General Motors has announced a delay in the production of electric pickup trucks at its Orion Assembly plant in Michigan. This decision is attributed to several factors, including a slowdown in the demand for its electric vehicles (EVs) in the US and the need for engineering improvements to enhance their electric trucks’ profitability.
Originally, GM had planned to begin electric pickup truck production at the Orion plant in the coming year. However, the company now expects to commence the production of electric Chevrolet Silverado EV and GMC Sierra EV pickups in late 2025, representing almost a two-year delay.
In the interim, the Orion Assembly plant will continue to produce the Chevrolet Bolt EV and Bolt EUV electric cars as planned, and the affected workers will have the opportunity to transfer to other GM plants in Michigan until the plant reopens.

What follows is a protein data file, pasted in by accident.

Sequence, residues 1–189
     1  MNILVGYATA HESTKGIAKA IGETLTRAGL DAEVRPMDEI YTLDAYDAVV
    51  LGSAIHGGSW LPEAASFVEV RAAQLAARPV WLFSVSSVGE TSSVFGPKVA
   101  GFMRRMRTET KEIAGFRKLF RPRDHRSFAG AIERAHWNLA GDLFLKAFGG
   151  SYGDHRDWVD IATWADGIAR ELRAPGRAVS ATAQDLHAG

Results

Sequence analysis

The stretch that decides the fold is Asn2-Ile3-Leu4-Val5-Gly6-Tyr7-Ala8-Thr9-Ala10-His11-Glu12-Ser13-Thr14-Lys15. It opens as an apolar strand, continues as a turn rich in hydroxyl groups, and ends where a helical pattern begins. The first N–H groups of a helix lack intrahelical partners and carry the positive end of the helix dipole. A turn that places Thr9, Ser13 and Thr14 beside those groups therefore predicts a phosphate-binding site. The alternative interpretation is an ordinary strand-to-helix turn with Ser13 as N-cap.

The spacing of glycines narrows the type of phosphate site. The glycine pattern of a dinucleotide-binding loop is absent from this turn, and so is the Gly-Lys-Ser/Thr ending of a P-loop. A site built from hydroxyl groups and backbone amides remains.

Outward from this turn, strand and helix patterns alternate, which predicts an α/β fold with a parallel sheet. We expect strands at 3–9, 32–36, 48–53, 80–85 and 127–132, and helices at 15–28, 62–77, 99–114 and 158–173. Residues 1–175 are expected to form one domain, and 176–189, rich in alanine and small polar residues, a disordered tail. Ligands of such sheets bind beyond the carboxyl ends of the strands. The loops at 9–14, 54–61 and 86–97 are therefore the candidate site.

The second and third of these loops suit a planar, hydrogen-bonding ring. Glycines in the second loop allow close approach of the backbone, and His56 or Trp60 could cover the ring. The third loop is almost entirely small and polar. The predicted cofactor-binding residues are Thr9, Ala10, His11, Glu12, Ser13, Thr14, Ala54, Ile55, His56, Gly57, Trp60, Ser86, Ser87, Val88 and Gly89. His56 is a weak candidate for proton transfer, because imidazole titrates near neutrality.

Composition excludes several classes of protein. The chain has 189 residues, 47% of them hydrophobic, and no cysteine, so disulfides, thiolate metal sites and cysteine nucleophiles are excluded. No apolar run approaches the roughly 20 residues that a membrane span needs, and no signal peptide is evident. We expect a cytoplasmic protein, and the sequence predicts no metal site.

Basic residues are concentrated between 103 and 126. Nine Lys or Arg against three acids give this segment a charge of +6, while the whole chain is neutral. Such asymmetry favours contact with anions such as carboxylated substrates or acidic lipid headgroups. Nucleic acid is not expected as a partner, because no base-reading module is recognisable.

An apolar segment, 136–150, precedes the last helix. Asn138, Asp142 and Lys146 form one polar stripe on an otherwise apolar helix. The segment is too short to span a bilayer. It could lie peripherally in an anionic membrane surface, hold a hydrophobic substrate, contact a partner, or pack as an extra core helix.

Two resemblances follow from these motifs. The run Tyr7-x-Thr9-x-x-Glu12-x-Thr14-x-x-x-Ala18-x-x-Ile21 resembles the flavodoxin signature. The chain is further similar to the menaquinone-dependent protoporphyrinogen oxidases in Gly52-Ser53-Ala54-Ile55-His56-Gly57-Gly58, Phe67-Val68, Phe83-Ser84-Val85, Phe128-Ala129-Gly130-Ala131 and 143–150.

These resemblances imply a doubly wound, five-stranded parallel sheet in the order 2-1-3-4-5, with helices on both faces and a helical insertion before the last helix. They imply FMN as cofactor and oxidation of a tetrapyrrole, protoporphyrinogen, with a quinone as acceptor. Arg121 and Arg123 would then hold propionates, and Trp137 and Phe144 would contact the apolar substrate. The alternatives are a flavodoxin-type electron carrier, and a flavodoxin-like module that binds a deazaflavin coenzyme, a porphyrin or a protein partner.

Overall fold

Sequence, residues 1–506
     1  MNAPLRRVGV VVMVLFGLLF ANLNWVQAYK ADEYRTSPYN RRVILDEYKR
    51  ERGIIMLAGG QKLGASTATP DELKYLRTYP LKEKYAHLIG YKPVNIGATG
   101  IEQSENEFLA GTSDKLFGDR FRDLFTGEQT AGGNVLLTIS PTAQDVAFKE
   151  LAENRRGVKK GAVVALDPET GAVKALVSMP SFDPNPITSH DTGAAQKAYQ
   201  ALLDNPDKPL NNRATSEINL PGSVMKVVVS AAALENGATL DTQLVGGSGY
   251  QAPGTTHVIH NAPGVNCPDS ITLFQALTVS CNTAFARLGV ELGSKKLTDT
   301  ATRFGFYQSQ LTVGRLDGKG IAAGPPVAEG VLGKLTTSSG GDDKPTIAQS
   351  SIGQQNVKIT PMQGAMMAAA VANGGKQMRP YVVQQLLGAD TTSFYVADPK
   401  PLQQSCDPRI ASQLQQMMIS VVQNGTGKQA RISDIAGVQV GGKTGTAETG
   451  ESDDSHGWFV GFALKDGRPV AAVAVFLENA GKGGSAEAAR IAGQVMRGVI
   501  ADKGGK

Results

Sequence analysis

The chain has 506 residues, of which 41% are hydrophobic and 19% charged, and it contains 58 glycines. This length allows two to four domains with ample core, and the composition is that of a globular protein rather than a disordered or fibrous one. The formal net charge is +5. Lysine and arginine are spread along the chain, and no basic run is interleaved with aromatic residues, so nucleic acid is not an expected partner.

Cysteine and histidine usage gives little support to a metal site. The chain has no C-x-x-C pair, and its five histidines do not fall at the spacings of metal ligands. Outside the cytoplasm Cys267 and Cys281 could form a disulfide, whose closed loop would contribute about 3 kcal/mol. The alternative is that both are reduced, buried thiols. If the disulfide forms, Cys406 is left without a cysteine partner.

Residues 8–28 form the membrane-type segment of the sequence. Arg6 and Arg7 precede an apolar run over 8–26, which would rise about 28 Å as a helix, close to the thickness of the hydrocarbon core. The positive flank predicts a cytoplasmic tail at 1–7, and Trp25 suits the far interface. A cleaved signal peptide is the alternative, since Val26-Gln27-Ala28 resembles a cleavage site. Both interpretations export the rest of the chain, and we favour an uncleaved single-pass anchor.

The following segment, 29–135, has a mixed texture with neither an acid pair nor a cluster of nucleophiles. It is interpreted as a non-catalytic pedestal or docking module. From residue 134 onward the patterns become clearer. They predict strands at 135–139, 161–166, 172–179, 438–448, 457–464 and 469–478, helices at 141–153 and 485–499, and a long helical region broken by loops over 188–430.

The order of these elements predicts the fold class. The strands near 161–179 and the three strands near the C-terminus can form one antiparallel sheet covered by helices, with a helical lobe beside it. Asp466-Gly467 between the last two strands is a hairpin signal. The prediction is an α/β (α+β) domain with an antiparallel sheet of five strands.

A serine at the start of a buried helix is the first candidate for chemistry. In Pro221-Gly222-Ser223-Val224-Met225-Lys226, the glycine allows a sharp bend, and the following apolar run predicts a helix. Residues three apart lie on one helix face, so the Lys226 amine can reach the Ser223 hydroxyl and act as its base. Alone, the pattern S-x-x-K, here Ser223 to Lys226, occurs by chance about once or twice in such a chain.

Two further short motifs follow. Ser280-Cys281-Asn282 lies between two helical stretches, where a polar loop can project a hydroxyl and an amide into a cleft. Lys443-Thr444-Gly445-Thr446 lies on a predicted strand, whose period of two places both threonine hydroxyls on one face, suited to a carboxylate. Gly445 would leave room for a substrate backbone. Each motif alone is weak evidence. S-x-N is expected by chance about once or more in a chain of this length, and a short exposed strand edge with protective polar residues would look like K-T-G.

The automaker clarified that the delay is unrelated to the ongoing United Auto Workers (UAW) strike but is instead influenced by market conditions. The recent statistics show that EV sales in the US have plateaued after a period of rapid growth. In August, EVs accounted for 8.3% of total vehicle sales, but that figure dropped to 7.9% in September. (via Automotive News)
Nonetheless, experts predict that the growth of EV sales will continue, albeit at a slower rate than we have seen thus far. As the demand for EVs evolves, manufacturers are focusing on improving engineering and cost efficiency to cater to a broader audience.